The time just before a new semester starts is always a magical time full of antcipation, excitement and nervousness. I've been involved in Higher Education in one way or another since 1974 but the start of a new semester is always the same. New students to meet, new things to learn, new challenges to meet, and the lessons learned from the previous year to remember. The most important thing is that although I might be teaching a course for the fiftieth time, I must remember it's the first time the students are taking it. The same is true of Commencement. I must make sure that the experiences are as new and exciting for me as they are for the students. My math/science education course begins Thursday, September 3, and it may well be the 50th time I have taught it, but last year I completely redesigned the course based on the Bridges math program that's used in local area schools. The Math learning Center, the program publisher, sent me a complete copy of the program so I have the same materials teachers are using to teach math in the K - 5 classrooms my students will be working in. I'm really excited to fine tune it this year as the students seemed to really enjoy it last year. On their course evaluations two students even said they wish they could take the course again. I can't think of a higher complement. I absolutely love teaching the math/science course because I really want my students to understand the math they will be teaching. For example, a square number is a square number because it makes a square (9 makes a 3 x 3 square) and not because "it's a number times itself". More about that later. In the meantime, here's my Math Ed website.
On Tuesday, I begin teaching a course, Schools and Society, that I haven't taught in 15 years. It's an intro to the field of Education and I'm very excited by the prospect of being in on the development of students' first thoughts and ideas about what teaching and learning mean. The course is pretty much planned and ready to go but I never like to have things completely "sewn up" as it were. I like to leave some details of the course organization and content undetermined so that the students can select some of the content and learning strategies based on their interests and who they are as learners. The first part of the course will focus on theory and will involve considerable reading. In the second part, the students will spend three hours a week in an elementary school classroom which will help them see the theory in practice as well as help them decide if they really want to be teachers. Teaching isn't for everyone and it's important to help the students decide, by the end of the semester, whether they will continue on in the Education program to become licensed elementary or secondary school teachers.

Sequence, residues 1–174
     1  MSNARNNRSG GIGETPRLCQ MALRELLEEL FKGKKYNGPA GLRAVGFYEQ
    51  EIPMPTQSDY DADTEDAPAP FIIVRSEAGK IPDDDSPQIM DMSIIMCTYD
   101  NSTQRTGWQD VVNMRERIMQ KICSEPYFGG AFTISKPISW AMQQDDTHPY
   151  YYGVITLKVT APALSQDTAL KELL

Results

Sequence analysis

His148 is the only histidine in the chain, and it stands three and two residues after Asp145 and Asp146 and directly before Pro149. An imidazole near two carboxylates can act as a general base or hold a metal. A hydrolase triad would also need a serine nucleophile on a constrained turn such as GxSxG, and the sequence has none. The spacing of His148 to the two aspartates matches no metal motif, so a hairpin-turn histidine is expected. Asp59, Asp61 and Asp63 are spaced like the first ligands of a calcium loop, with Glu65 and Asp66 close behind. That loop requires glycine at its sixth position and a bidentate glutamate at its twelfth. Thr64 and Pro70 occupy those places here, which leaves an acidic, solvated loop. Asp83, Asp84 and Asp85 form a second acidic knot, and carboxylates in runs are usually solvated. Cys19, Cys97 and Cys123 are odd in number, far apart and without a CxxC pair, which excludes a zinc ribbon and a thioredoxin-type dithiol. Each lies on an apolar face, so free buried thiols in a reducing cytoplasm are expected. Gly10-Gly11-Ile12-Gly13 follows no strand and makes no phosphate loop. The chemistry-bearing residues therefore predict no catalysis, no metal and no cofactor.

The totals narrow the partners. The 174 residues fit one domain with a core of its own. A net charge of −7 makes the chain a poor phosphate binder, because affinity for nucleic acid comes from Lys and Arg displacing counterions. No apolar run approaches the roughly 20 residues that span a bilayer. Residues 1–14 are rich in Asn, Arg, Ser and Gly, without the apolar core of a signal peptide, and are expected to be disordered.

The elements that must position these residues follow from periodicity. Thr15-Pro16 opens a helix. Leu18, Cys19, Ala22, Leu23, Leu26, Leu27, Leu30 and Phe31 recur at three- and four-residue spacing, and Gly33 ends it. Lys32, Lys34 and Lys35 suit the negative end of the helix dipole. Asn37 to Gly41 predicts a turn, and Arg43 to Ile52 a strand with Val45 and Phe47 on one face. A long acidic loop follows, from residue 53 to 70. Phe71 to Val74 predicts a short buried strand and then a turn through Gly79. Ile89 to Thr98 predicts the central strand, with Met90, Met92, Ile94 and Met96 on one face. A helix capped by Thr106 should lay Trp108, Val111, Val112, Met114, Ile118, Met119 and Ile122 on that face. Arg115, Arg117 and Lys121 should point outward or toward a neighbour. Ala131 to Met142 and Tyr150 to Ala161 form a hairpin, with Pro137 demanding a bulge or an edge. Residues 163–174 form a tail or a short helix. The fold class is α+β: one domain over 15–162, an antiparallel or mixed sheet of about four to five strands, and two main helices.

We are blessed with a wonderful variety of schools within a ten-mile radius of SMC so students will get to experience several different types of schools by the time they graduate. The Burlington area is a "resettlement center" so many of the schools are like microcosms of the entire world. There are almost forty different languages spoken by students in classrooms in Burlington and Winooski which present teachers with both challenges and gifts in their daily teaching. My research interests in teaching math to ELL students comes directly from the time I spent working in one of the Burlington schools the year before I started work at SMC. More about that later.